Offering plant-based options is just one of the options the team are looking to explore more deeply; to get to the root truth of whether what they’re doing is really of benefit on a macro level. For example, plastic is seen as the bad guy. But a plastic bottle can be truly circular; it has a lower carbon impact than glass and is highly recyclable, so in principle it can and should be reused. Similarly, they won’t buy compostable packaging just because it’s compostable; the length of time something takes to break down needs to be scrutinised.
One of Pizza Hut Restaurants biggest areas of concern is food waste, with the business taking a leading role in the industry and representing the sector as a Courtauld 2025 steering group member with WRAP. According to Jonny, the business has reduced operational food waste by 50% since 2015 but the focus remains on consumer behaviours. The business has a food donation programme in half of its sites and is continuing to roll it out wider, the hope is that talking to their guests about this more will help to reduce waste on plates.
The Supply Chain
If you are a business, argues Jonny, 10% of your carbon footprint likely will come from your energy supply. If you buy green energy it’s one quick way to reduce your footprint but buyer beware! Not all green energy is the same and quite often you are buying green certificates (REGO’s) rather than real green energy. Interrogate what it is that your energy supplier is doing, are they selling you REGO backed electricity (which for all intents and purposes is green but could be seen as greenwashing) or are they ploughing their profits back into source of renewable energy?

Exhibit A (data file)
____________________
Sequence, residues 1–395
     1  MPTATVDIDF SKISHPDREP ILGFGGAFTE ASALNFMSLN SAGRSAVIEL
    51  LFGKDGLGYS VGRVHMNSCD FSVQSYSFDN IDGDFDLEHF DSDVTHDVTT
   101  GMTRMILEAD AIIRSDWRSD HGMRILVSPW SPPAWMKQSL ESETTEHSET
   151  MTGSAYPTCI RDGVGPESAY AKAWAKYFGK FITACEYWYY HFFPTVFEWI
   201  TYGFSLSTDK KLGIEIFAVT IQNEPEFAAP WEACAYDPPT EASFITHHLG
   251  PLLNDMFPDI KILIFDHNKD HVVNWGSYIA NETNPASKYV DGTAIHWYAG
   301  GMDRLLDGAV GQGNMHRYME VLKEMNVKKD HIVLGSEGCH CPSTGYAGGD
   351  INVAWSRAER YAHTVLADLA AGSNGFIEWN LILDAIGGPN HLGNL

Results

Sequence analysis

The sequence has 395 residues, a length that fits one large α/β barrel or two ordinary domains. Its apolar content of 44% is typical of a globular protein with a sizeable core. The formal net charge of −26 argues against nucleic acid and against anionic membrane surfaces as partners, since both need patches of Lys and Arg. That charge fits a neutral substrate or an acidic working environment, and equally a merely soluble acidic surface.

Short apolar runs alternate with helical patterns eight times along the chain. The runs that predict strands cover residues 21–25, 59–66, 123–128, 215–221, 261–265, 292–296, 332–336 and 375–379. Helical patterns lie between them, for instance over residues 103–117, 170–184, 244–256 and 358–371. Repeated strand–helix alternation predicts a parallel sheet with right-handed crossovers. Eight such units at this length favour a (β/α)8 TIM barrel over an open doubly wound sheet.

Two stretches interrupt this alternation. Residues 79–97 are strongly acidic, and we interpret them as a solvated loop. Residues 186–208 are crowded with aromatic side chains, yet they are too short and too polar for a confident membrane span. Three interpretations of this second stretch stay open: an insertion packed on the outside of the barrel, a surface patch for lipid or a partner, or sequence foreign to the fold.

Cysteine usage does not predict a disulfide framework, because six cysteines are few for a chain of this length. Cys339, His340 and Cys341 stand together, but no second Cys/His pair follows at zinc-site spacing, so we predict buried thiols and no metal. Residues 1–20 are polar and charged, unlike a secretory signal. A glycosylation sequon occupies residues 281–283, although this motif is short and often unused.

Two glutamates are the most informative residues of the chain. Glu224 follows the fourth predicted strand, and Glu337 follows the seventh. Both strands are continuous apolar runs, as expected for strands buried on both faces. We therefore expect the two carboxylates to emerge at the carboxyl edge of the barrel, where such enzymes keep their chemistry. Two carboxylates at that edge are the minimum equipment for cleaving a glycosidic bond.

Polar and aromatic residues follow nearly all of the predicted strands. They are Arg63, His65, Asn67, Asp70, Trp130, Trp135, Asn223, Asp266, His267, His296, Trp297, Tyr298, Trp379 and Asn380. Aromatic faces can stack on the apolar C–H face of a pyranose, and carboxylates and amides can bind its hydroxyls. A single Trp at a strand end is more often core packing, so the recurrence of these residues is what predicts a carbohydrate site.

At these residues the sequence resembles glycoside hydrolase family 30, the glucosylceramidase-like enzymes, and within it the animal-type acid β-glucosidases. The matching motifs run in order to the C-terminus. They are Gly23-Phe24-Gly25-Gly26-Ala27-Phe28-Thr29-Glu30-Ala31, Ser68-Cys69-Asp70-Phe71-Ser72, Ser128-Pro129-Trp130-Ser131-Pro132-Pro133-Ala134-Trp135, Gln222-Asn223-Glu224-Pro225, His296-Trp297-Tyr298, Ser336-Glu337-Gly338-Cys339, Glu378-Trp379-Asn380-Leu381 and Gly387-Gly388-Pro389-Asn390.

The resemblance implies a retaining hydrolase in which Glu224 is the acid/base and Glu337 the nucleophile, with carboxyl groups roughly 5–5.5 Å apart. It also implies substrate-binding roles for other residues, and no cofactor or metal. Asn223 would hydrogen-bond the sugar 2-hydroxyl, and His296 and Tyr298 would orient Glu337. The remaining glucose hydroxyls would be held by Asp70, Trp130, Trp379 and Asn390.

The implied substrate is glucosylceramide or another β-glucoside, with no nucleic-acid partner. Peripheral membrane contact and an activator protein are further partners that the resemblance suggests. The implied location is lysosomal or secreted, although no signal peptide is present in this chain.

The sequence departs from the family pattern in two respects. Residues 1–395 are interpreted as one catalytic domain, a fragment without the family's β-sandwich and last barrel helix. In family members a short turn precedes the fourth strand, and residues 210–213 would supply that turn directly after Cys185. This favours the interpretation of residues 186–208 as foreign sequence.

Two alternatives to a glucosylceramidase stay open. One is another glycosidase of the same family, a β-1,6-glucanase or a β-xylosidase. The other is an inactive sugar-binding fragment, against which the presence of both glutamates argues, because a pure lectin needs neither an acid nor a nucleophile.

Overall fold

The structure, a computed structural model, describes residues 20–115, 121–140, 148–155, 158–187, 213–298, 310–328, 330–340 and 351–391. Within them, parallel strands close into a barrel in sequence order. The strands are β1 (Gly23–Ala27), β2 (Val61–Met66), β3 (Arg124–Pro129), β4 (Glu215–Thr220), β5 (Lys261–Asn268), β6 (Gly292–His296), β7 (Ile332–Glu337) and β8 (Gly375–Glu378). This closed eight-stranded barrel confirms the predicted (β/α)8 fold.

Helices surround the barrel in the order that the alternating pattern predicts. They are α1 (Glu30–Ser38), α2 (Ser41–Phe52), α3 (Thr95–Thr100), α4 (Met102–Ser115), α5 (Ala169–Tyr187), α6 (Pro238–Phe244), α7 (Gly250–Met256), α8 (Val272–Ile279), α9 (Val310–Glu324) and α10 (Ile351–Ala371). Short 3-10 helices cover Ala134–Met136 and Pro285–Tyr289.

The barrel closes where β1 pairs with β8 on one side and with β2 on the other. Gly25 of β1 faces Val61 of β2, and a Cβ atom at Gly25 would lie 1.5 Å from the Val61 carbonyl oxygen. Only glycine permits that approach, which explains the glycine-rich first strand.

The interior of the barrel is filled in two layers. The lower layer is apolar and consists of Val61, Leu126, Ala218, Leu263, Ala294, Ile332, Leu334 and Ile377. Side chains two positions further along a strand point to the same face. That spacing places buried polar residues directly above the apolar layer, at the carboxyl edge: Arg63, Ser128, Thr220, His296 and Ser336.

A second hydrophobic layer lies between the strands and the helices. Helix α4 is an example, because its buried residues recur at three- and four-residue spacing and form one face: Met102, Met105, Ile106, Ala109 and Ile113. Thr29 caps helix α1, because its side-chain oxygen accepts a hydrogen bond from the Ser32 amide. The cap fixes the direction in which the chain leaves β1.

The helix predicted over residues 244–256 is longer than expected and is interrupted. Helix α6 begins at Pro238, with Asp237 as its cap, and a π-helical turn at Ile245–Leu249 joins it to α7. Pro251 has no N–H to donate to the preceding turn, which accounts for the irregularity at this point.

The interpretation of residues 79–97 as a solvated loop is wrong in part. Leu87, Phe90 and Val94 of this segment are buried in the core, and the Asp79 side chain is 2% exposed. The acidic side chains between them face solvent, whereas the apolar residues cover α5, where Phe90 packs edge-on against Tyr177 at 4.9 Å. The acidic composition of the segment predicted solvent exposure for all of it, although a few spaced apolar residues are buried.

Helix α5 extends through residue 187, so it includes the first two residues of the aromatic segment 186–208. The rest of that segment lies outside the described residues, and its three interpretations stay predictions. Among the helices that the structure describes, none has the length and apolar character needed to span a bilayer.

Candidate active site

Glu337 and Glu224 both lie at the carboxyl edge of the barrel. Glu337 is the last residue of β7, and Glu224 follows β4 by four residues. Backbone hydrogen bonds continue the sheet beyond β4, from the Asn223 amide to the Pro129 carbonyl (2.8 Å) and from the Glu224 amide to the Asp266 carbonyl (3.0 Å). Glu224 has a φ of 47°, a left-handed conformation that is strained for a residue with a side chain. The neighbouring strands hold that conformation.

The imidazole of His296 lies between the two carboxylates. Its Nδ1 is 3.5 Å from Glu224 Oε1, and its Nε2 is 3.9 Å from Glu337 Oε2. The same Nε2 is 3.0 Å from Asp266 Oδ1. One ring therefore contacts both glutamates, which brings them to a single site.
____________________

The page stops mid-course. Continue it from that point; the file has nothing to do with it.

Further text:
On the tricky subject of palm oil, argues Jonny, the damage has already been done, now it is about maintaining what is there in a responsible manner and protecting remaining habitats. Palm as a source product is extremely high yielding because the whole palm can be used in production, the alternative to that is ripping it up and starting again but what else should be used instead? Using RSPO certified palm oil is as close as you can get to doing the best thing in this situation, other than removing palm oil completely.
When it comes to one of the most methane-belching mammals there is, cows, Jonny suggests it’s a real fine line between changing habits and a supporting a traditional industry. Everyone points to the cow as being the enemy but what if cows were better? What if dairy production was better? What if their feed sources were better? Trends for dairy alternatives are emerging and will no doubt form a part of the future, but customer habits won’t just change overnight. Producing better cheese and supporting their farmers is a common objective shared by Pizza Hut and their cheese supplier.
Food For Thought
Jonny’s parting sentiment was; how do you grow AND get better?
The answer is to challenge ourselves and question what we are told, to find the truths and to do the things that really will make a difference.
Collaborate, go to events, talk to the public, learn. There are so many problems that need solving, we can’t do them on our own. Policies won’t work without serious change in infrastructure and behaviours.
As we’re sure many people are feeling, we were gutted that this BareAll couldn’t go ahead in the way we’d hoped; it was destined to be our biggest and best yet, with some excellent brands and a huge guestlist. BUT we will do our best to be back and re-run the event when there aren’t so many more important things to be worried about.
We’re also going to be sharing lots of content over the next few months to help everyone make the most of digital in these uncertain times. The internet and technology really comes into its own in times like these, and we want to do all we can to help as many people take advantage of the opportunities it will provide.
So… Stay safe, stay sane, stay in touch.